Friday, April 15, 2016

THIS.

This is what I've been (not so) patiently waiting for: springtime, and the chance to check on the bees. And maybe even get some honey. I wasn't sure, you know, that there would be any for me to harvest. But the weather has been consistently good, the dandelions are blooming, and it seemed like time to remove the insulation panels and take a peek inside.

After I got home from work yesterday I went out (gearless, mind you, although I wondered if I should suit up) with my tools and removed the insulation. Next I had to attach the hardware to put the window cover back. I hadn't been planning on getting in to check on the bees but my curiosity got the better of me and I opened up the hive. First I removed the fondant boards. They'd eaten through about half of one and almost none of the next. I set those aside and started looking at the combs. The first one I pulled out had a little honey but was mostly empty comb. The second was mostly capped honey cells. The third was the one in the photo - almost entirely capped honey cells and very heavy. I set them aside and peeked at a fourth comb. This one was also mostly capped on the back but open on the front. Figuring that was where the bees were feeding most recently I left that one alone. I moved the false back all the way to the back and moved an empty comb forward. Then I closed up the hive and took these combs, surprisingly bee-free, into the house.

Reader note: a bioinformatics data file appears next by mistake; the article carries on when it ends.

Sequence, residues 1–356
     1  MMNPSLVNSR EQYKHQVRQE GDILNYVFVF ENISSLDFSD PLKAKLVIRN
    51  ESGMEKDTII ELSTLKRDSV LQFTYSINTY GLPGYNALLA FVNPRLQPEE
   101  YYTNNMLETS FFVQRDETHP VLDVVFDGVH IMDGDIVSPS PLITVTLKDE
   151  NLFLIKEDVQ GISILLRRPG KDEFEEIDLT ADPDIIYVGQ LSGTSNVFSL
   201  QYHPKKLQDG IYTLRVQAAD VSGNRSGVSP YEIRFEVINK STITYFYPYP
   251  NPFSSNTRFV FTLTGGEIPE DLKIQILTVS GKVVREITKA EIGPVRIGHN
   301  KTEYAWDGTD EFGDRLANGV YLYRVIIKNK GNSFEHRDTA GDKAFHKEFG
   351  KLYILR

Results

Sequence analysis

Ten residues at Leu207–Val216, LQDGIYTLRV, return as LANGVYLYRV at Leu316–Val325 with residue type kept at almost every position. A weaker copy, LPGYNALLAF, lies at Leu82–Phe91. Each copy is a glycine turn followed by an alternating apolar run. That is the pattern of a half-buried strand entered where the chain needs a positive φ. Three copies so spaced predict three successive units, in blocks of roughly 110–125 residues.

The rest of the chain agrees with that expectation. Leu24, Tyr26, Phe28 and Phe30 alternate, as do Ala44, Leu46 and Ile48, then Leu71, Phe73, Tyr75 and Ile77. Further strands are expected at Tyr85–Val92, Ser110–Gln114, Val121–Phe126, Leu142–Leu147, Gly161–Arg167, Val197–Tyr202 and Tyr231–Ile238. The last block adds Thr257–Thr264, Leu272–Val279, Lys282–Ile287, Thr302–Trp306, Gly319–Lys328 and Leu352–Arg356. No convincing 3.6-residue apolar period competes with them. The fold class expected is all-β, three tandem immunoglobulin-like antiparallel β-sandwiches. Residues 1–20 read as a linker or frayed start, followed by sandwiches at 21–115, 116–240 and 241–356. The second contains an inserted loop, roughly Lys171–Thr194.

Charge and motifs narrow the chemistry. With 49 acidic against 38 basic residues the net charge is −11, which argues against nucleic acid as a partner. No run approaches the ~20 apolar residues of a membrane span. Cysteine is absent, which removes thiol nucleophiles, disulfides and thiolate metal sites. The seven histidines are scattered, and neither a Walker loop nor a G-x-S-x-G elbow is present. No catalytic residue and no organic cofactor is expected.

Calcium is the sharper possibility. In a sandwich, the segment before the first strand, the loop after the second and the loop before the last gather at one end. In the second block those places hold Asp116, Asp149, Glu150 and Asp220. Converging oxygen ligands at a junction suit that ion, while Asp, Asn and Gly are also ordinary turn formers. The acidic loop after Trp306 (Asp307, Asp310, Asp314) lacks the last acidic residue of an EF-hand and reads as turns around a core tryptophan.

Did I mention I hadn't been planning on doing this? 

I took a big pot and cut the combs off the bars and into the pot. (The bars were later returned to the hive because they had comb remnants on them and it seemed a better place for the bees to start another comb.) Then I broke the combs into smaller pieces so I could crush them up. I felt like a bear, breaking combs apart with my paws, stopping every once in a while to lick a finger or chew on a little comb. (Don't worry, I washed my hands often!) After a few attempts at filtering I settled on a wire mesh strainer over a large sturdy plastic pitcher. It's been a day and the last of it is still straining but, here:
is the first jar of honey I've ever harvested.

And without my gear! I'm so proud of myself for being brave/stupid enough to do that.

All told, I have 7 cups of honey and might get another half a cup before all this is over. It's denser that other local honeys I've bought, likely because it spent the winter getting thicker. It's not as sweet; we did a taste test today. But it does have a floral taste. Sometime in the next day or so I'll take the wax, melt it down, and give it to my friend who is starting to make soap. For those of you who were hoping to join me when I did this, sorry, it sort of happened, but I still will have to do a bar by bar inspection in about a month so we'll plan on that...

Today the bees were very active, bringing in every color of pollen imaginable. Even that pretty blue. 

2 comments:

  1. All the wax, melted down, yielded 4.5 ounces of wax. I don't know how much my friend needs, but it's a start!

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  2. Ah, golden success! Well done!

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